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How to Create a Shadow Box

By Elizabeth Stover ; Updated August 31, 2017
Shadow boxes make wonderful memory displays

A shadow box provides a display for three-dimensional items in a glass frame. Shadow boxes date back to the Victorian era. The earliest shadow boxes contained multiple copies of a picture, cut into different sections and glued on top of each other with spacers in between to create an illusion of depth. Today's shadow boxes might be described as three-dimensional scrapbooking. Among the most popular themes for shadow boxes today are those created from souvenirs of a particular event.

Purchase a shadow box frame, essentially a picture frame with deep sides so that three-dimensional items can be placed inside. Keep in mind the size of the objects you want to place in your frame so that you purchase a frame deep enough. Also, purchase strong glue for attaching items to the back of the frame. If you wish to hang items from the top of your frame, purchase small hooks and monofilament for hanging them.

Gather both two- and three-dimensional items that you want to place in the shadow box. Themed items such as a sport or hobby, souvenirs from a trip, or a collection of favorite items all make suitable items to place in a shadow box. Keep in mind the depth of your frame when collecting the objects. They cannot be any wider than the frame is deep.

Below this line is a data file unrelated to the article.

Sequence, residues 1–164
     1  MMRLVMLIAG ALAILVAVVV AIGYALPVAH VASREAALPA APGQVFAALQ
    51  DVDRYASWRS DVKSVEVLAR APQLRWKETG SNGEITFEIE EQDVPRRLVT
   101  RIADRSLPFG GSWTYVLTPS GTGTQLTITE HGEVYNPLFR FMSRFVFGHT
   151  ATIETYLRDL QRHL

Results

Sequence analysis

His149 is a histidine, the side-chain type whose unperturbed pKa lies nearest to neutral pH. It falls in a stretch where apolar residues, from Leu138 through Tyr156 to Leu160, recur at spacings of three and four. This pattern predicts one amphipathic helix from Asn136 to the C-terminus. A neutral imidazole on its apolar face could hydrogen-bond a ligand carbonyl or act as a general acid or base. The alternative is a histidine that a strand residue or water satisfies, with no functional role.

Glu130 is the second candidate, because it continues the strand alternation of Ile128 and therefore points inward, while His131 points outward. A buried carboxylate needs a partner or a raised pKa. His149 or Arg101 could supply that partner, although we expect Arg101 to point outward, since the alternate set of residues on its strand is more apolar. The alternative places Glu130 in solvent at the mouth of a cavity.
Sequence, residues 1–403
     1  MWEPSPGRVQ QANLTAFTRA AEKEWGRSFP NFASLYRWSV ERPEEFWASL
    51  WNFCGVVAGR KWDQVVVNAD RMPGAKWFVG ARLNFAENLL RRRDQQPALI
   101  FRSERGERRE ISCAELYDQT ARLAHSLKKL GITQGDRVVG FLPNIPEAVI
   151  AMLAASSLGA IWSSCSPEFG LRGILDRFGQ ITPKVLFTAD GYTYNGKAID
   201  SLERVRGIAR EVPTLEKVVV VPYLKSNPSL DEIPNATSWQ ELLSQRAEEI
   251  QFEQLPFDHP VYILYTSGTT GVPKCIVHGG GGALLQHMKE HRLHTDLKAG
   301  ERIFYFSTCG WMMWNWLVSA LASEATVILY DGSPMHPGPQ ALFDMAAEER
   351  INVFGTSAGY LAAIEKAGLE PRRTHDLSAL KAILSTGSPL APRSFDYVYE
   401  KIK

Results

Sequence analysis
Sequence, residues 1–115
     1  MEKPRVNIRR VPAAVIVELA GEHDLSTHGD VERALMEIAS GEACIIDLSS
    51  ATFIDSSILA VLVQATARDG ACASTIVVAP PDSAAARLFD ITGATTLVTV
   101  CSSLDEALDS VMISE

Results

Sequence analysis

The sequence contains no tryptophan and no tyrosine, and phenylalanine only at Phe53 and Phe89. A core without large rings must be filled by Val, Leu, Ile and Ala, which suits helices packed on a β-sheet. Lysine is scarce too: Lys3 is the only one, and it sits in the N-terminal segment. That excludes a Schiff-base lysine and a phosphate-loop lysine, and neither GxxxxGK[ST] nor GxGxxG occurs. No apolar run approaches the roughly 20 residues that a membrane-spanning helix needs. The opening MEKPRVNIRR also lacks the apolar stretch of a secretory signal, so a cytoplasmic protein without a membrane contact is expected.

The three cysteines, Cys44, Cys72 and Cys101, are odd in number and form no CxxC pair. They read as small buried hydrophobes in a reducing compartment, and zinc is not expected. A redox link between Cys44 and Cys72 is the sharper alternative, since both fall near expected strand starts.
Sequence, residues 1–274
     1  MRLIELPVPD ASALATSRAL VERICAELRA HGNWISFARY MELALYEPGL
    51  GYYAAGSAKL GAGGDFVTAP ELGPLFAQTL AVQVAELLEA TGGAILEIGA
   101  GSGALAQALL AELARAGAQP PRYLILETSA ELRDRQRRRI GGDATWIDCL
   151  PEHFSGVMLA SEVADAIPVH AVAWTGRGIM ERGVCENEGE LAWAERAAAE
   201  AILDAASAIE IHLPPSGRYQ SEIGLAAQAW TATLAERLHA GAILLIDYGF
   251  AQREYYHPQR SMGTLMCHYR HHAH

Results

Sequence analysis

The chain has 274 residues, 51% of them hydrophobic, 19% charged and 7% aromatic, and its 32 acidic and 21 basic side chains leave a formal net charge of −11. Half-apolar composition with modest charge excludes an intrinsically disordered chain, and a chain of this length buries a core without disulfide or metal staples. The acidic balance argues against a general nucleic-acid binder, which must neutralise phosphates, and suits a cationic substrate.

Cut a piece of foam board to the exact size as the backing of the frame so that you have something on which to attach your items. If desired, cover the foam board with decorative paper or fabric by gluing it to the foam board. Spread glue on the back of the foam board, then insert the foam board snugly into the frame so that the foam board presses against the frame's back.

Before gluing any items, practice arranging them in different ways so that you find the most eye-appealing arrangement. Once you have decided on the arrangement, glue down the items using strong glue, epoxy or hot glue. Create additional depth and interest in your shadow box by gluing spacers made of small pieces of foam board on the back of some of the items you are placing in the shadow box.

Add further detail and interest to your shadow box with embellishments both inside and outside the frame. Add beading, scrapbook embellishments, and other small items that coordinate with your larger objects. Attach items attractively within the arrangement inside the glass, or attach small items outside on the frame itself.

About the Author

Elizabeth Stover, an 18 year veteran teacher and author, has a Bachelor of Science in psychology from the University of Maryland with a minor in sociology/writing. Stover earned a masters degree in education curriculum and instruction from the University of Texas, Arlington and continues to work on a masters in Educational Leadership from University of North Texas. Stover was published by Creative Teaching Press with the books "Science Tub Topics" and "Math Tub Topics."